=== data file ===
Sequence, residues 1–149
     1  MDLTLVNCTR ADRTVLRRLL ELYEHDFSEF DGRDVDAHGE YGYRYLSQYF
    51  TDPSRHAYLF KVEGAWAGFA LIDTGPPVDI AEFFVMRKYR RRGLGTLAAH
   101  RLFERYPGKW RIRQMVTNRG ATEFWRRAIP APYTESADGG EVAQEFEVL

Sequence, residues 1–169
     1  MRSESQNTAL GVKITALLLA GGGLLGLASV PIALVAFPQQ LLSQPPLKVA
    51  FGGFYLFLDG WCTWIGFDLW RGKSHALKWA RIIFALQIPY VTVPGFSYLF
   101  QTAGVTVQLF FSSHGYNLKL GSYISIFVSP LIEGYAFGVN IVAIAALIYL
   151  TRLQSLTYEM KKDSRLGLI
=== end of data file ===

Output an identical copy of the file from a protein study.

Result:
Sequence, residues 1–149
     1  MDLTLVNCTR ADRTVLRRLL ELYEHDFSEF DGRDVDAHGE YGYRYLSQYF
    51  TDPSRHAYLF KVEGAWAGFA LIDTGPPVDI AEFFVMRKYR RRGLGTLAAH
   101  RLFERYPGKW RIRQMVTNRG ATEFWRRAIP APYTESADGG EVAQEFEVL

Sequence, residues 1–169
     1  MRSESQNTAL GVKITALLLA GGGLLGLASV PIALVAFPQQ LLSQPPLKVA
    51  FGGFYLFLDG WCTWIGFDLW RGKSHALKWA RIIFALQIPY VTVPGFSYLF
   101  QTAGVTVQLF FSSHGYNLKL GSYISIFVSP LIEGYAFGVN IVAIAALIYL
   151  TRLQSLTYEM KKDSRLGLI